Two Missing Children
Author: Jim Fairchild
At 6 pm a carload of us were headed for Art Bridge's first aid class over in Claremont. At the intersection of Etiwanda and the Pomona Freeway the pager beeped and said to call A1 Andrews. We found that two young boys were missing from the remote Fisherman's Camp, reached by steep dirt road and surrounded by also steep, brush-covered hills. Even worse, the canyons a requently choked with dense patches of poison oak. A rainstorm had swept the area that morning, and the night was downright cold.
We found ourselves in the above environment late in the evening. We had good manpower and the RCARES radio group was there to support our communications. Two representatives from supposedly competent agencies had assured me that San Mateo Canyon had been searched both up and down by their groups during the day, going from Fisherman's Camp upstream to the Girl Scout Camp about six miles away. Therefore, I opted to send two strong search teams out, one down San Mateo Canyon, one up Tenaja Canyon which joins the first canyon at the camp. A third party would scour the immediate vicinity. The teams deployed out into the blackness. Various onlookers disappeared. The foster mother of the boys and the sheriff deputy were conferring over by the campfire. I stayed at the van as Ops Leader because of a horrible allergy to poison oak.
Our search was for Pat Baumgartner, 8 years old, and Ron Wickware, 7 years old. They had two friendlydogs with them. They had all been missing since 0800 that morning. Various people searched for a while, then the foster mother drove out the road to notify the Sheriff. We felt that had the boys desired to do so, which is not the usual case, they could have covered several miles from the camp. Chances were they had not gone too far and were curled up with the dogs, shivering. Well, no traces were found by the parties, except the group close to camp found undefined tracks around the corner of the canyon upstream. One team returned to camp in a few hours having been blocked by a patch of poison oak no one had gone through. Pete and Bernie went home to wash down with strong soap. Steve and Tom turned in to be ready for a choice assignment I had in mind for dawn. Quack, Ed, Gary, and Hal were far downstream, out of contact, but we knew they were bivouacked and would ascend a hill for radio check at dawn.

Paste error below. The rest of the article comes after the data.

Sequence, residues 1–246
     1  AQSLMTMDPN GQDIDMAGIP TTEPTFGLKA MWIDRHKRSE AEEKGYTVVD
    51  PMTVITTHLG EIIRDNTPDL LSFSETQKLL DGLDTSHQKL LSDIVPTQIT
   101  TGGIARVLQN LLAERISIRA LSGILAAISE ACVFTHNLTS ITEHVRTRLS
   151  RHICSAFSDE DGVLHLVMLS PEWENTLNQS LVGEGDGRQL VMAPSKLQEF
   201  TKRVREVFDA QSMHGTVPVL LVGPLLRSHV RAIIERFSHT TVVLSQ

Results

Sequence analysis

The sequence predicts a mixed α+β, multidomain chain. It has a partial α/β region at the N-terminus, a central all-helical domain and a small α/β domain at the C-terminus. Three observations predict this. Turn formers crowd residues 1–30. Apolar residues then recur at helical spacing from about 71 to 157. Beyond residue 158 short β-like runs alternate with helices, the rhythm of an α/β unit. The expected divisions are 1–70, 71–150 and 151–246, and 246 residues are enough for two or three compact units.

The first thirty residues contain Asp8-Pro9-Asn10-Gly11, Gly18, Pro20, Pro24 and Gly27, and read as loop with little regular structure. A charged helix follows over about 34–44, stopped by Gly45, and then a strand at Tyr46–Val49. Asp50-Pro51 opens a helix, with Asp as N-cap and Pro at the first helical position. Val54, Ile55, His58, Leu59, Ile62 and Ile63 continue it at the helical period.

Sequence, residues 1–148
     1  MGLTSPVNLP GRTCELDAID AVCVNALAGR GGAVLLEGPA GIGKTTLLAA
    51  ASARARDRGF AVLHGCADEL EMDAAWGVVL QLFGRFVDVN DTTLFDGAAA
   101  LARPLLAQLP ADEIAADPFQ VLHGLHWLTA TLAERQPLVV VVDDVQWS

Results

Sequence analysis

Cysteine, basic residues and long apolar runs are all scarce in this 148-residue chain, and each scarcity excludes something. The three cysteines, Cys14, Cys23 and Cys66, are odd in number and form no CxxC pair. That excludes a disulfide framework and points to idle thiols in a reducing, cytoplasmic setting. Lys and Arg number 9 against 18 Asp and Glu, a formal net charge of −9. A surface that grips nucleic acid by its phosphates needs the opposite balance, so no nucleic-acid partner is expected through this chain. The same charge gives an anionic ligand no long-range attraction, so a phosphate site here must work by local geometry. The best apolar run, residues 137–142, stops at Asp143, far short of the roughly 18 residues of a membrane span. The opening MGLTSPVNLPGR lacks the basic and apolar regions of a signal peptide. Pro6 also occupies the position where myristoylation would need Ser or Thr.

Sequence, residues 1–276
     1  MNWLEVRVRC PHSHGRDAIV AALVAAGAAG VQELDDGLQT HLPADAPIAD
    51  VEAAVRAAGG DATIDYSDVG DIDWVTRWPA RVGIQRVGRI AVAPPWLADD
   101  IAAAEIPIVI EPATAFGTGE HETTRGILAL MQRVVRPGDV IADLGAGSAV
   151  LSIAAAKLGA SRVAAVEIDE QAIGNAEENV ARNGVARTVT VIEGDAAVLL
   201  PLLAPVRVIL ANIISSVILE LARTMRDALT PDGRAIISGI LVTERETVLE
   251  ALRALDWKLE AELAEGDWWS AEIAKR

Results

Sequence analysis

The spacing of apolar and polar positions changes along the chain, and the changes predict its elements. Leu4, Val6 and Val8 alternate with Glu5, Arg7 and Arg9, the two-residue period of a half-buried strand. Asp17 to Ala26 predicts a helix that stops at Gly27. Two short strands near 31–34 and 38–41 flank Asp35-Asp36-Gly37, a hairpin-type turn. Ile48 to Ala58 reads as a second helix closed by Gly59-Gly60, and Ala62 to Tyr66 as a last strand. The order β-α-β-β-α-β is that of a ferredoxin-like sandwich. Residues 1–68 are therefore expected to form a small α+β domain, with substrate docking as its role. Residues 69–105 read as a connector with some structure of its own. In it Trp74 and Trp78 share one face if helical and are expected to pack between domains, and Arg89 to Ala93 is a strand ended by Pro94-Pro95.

So, I drove the van up to a fine lookout point about a mile upstream from the camp and three hundred feet above the stream. At dawn I was using binoculars on the slopes when a dog barked, once. The sound seemed to come from my level, almost directly west. Well, we will search that area with the helicopter which is due shortly. Sure enough, Don Landells with Pete and Bernie aboard in his Bell Jet Ranger II pops over a northern ridge. They check the side of the hill and a canyon a bit west. Then they drone slowly up San Mateo Canyon. I radio that they've gone past where the dog barked. They radio back that they spotted boys and dogs in the stream bottom. Don lands and before long humans and canines are gathered up, but not without a chase for one of the friendly but scared dogs. Quack's team is asked to find a helispot and are picked up after the thankful reunion back at the van.
Wouldn't you know, they were found where Steve and Tom were assigned, but had not yet been deployed. RMRU has a quaint saying, "If you ain't searched it yourself, it ain't been searched." Once again, children were found relatively close to the point last seen, were in great spirits, and survived the cold night far better than adults would have.
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